Romaine lettuce is off limits again in the heavily populated provinces of Ontario and Quebec where 18 cases of E. coli infection have been reported.
Three have been confirmed in Ontario and 15 in Quebec.
The Public Health Agency of Canada is working with health officials in the United States to find the source of the infections that have hit in the two provinces and 11 states.
The agency believes the illnesses are associated with the outbreak that began in mid-October and the risk appears to be “ongoing” it said.
“Recent illnesses indicate that contaminated romaine lettuce may still be on the market, including in restaurants, grocery stores and any establishments that serve food,” the agency stated in a warning.
This warning includes pre-made salad mixes containing romaine lettuce.
No deaths have been reported in Canada, but six people were hospitalised.
This is the same strain of the bacteria, E. coli 0157, that was linked to romaine lettuce affecting people in the United States and Canada last December, 2017.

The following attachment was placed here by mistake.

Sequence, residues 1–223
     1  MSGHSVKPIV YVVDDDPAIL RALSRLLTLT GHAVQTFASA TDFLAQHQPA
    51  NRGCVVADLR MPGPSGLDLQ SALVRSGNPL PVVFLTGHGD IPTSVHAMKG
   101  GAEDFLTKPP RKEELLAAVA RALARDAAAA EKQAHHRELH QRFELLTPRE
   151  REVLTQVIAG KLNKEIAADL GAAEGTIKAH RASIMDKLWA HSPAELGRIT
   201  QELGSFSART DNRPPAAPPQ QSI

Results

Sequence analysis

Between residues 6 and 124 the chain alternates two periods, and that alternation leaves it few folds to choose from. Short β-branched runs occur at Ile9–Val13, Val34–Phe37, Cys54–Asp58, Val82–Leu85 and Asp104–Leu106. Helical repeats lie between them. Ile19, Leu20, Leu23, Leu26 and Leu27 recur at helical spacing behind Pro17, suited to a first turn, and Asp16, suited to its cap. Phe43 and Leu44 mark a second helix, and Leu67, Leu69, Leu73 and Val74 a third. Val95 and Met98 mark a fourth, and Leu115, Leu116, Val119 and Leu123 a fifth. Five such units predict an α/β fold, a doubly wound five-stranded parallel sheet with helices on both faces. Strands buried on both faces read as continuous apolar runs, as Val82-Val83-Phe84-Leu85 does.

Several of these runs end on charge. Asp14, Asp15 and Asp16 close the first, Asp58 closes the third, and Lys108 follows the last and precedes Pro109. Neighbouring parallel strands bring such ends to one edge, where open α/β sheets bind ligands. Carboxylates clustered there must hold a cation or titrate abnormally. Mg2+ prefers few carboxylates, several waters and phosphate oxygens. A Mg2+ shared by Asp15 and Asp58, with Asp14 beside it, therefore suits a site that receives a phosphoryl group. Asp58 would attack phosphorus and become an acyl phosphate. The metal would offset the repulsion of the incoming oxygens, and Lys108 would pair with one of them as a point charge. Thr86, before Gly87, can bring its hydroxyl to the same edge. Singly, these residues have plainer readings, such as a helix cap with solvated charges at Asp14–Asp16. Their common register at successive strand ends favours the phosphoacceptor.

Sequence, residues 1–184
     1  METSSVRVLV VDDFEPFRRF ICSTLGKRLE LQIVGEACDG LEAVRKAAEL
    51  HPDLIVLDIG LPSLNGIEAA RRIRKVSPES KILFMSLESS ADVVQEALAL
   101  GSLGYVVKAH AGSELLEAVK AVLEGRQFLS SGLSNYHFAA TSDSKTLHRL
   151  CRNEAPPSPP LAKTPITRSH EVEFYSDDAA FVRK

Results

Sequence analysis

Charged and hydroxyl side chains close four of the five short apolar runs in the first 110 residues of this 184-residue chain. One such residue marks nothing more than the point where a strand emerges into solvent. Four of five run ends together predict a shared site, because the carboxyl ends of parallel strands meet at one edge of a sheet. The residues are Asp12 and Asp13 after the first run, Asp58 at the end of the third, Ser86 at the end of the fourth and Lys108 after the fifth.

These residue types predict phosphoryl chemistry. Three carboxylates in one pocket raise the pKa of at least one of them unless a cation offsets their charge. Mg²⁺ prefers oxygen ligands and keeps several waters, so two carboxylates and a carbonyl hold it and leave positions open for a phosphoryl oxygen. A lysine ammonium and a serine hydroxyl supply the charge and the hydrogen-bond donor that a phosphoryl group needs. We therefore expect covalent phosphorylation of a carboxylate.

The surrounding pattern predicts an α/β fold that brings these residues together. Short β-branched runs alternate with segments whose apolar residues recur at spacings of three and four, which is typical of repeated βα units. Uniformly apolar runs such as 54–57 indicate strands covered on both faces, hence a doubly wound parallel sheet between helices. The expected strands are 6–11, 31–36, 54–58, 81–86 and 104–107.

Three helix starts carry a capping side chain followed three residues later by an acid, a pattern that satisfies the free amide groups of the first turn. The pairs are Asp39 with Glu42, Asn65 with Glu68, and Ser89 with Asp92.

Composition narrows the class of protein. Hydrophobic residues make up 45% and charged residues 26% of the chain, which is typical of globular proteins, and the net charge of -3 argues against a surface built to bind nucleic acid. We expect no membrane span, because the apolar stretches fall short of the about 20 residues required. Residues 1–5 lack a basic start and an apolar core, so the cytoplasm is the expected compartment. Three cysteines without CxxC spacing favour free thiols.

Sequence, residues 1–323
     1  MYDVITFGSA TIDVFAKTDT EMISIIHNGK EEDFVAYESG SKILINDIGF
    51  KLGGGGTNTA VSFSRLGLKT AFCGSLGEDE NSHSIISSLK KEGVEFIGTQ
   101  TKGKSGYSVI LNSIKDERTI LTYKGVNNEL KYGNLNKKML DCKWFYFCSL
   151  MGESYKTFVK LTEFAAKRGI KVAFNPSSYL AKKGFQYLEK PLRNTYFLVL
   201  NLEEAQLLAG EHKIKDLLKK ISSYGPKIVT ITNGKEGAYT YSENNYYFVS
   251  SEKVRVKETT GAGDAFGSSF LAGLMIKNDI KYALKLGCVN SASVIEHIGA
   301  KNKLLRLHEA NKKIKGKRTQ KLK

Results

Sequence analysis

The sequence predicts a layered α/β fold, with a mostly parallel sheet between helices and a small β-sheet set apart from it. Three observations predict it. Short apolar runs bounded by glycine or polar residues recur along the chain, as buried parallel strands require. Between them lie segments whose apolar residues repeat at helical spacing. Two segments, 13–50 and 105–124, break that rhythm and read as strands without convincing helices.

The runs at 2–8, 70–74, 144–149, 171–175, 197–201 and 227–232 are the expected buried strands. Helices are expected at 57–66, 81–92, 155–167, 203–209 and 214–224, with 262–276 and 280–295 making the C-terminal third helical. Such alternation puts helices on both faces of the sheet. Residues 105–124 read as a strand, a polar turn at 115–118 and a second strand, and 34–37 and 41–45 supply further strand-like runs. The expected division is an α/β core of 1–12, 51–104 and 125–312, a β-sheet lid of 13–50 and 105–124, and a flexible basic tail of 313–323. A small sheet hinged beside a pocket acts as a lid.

According to the Food and Drug Administration, 32 people have become ill in the U.S.
E. coli illness include symtoms such as nausea, vomiting, headache, fever, severe stomach cramps and watery or bloody diarrhea.
Usually people recover within five to 10 days and there is no “real treatment” apart from staying hydrated.
E. coli bacteria are found naturally in the intestines of farm animals.
Contamination of fruit and vegetables can occur when they come in contact with animal feces, but most forms of the bacteria are harmless.
(With files from CBC)